Should LDN be used with other disease modifying drugs for Multiple Sclerosis?


I asked an expert, Dr. Ian Zagon

He was very kind to respond

~Dr. I

Dr. Ian S. Zagon is Distinguished Professor of Neural and Behavioral Sciences at The Milton S. Hershey Medical Center, The Pennsylvania State University, Hershey, Pennsylvania.


His response:


There are so many misconceptions about LDN that we could spend an hour correcting all of this ancedotal information. The problem is that patients do not read the literature, and offer their “opinions” as if this is true.  LDN is a great example of the good and bad about the internet.


LDN is an immunosuppressant – it works through the opioid growth factor – opioid growth factor receptor axis


OGF (LDN) acts as an inhibitor of the cell cycle, increasing p16 and p21 in the cyclin-dependent kinase inhibitory pathway. We are in the midst of writing all of this up for publication. On a practical basis, you would not recommend an immunostimulant to someone with MS or Crohn’s Disease (we just finished a Phase II trial on LDN and Crohn’s right now – worked nicely).


LDN should be fine for MS – with or without other therapy


I suspect you will find that you will be tapering your patient off of other therapies very shortly, and having your patient on LDN only.


Remember – use around 3 mg/day


Start your patient with LDN daily – try it in the evening.

If there is disturbed sleep, switch to the morning (it will make no difference in efficacy)


Skip’s Pharmacy in Boca Raton, FL – they are on the web – has excellent LDN (some compounding pharmacies do not use the right bulking agents and the LDN is weak or inactive).


[PJ’s Prescription Shoppe in San Diego makes high quality capsules. And I do at times prescribe a suspension that is easier to adjust doses. The important thing is to use Avicel filler ( microcrystalline cellulose) and do not make SR sustained release capsules….ns]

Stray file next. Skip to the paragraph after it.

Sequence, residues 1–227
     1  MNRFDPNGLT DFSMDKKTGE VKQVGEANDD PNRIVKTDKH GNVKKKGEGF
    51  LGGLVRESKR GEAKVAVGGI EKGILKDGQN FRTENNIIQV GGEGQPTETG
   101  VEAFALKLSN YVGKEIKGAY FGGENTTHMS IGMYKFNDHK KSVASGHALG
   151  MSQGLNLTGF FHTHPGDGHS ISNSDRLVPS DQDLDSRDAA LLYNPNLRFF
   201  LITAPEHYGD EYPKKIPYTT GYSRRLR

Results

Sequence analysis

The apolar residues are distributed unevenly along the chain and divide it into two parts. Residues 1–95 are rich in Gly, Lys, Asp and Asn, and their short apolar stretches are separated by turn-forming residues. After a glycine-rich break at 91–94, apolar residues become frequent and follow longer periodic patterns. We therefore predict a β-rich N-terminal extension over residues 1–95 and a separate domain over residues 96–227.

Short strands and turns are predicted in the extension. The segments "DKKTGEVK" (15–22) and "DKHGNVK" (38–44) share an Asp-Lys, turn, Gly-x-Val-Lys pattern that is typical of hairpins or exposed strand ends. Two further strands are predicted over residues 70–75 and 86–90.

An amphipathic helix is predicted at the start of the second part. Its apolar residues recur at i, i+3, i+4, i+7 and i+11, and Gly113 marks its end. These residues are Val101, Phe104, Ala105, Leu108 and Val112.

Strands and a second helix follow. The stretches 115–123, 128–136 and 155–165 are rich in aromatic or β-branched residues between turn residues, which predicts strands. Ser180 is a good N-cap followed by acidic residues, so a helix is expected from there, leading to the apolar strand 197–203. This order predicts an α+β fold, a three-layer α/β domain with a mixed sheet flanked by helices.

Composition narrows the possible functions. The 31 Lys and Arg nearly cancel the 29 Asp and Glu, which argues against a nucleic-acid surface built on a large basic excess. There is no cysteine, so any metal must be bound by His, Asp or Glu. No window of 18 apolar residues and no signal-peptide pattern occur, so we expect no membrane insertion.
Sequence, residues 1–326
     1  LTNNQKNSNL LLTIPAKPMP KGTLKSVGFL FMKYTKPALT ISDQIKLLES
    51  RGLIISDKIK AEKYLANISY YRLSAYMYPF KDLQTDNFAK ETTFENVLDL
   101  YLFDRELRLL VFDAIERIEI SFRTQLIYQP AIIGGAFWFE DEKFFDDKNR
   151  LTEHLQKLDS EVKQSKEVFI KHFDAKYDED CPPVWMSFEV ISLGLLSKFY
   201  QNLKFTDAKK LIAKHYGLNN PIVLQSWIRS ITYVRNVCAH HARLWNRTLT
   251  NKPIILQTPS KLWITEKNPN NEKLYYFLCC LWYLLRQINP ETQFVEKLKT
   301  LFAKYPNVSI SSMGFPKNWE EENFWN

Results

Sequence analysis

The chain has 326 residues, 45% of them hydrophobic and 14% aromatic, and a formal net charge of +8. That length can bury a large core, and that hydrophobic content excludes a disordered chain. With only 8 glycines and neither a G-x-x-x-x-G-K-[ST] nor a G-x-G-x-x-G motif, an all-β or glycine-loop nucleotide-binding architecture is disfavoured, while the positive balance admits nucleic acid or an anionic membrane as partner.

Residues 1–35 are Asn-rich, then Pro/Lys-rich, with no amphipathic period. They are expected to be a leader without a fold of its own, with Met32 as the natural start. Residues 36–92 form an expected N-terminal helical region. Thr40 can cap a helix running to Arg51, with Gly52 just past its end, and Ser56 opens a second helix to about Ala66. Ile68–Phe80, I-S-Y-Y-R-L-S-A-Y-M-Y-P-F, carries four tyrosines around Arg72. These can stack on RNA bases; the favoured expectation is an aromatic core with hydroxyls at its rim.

I wanted to add that OGF is the real, natural biological peptide and its mechanism is on native physiological processes. LDN is merely a tool to access and take advantage of the OGF-OGFr axis.  There are other ways of taking advantage of this system as well.


Secondly, OGF and LDN work nicely in combination with chemotherapy as well


We have a great clinical study going showing that OGF and gemcitabine are a terrific combo for treatment of advanced pancreatic cancer. Patients on OGF alone have lived for 2 years, and right now we have a patient on OGF and gemcitabine who is out around 15 months – and is doing splendidly. We have a paper out on OGF and pancreatic cancer – Phase I. Another study, phase II, is in press in Open Access Journal of Clinical Trials – look for it.


Another woman, lives close by me, who was an aerobics instructor and has MS, has been taking LDN. She has made a remarkable recovery and is back teaching aerobics. Her family donated $50,000 to our research in honor/appreciation for our discovery, and 8 months later (the other day in fact) she gave us another $50,000. We have a group of researchers now doing the science.


Dr. Zagon


6 Responses to “Should LDN be used with other disease modifying drugs for Multiple Sclerosis?”

  1. Beverly A Hammons Says:

    I take LDN and believe it has stopped progression.

  2. Karen Toner Says:

    I have asked my Dr about LDN for my progressive MS and she believes it is jusst another hoax. I have been on Avonex, Rebif (can’t take interfurons anymore) then Navantrone for 2 years and Tysabri for 3. Now they are going to start me on Copaxone for lack of anything else to try. I am in a wheelchair now and only 53 years old. I have read so much about LDN and felt it was worth a try. My Dr says it is not even available for her to perscribe here in ME. What would be my options?

    • Nancy Sajben MD Says: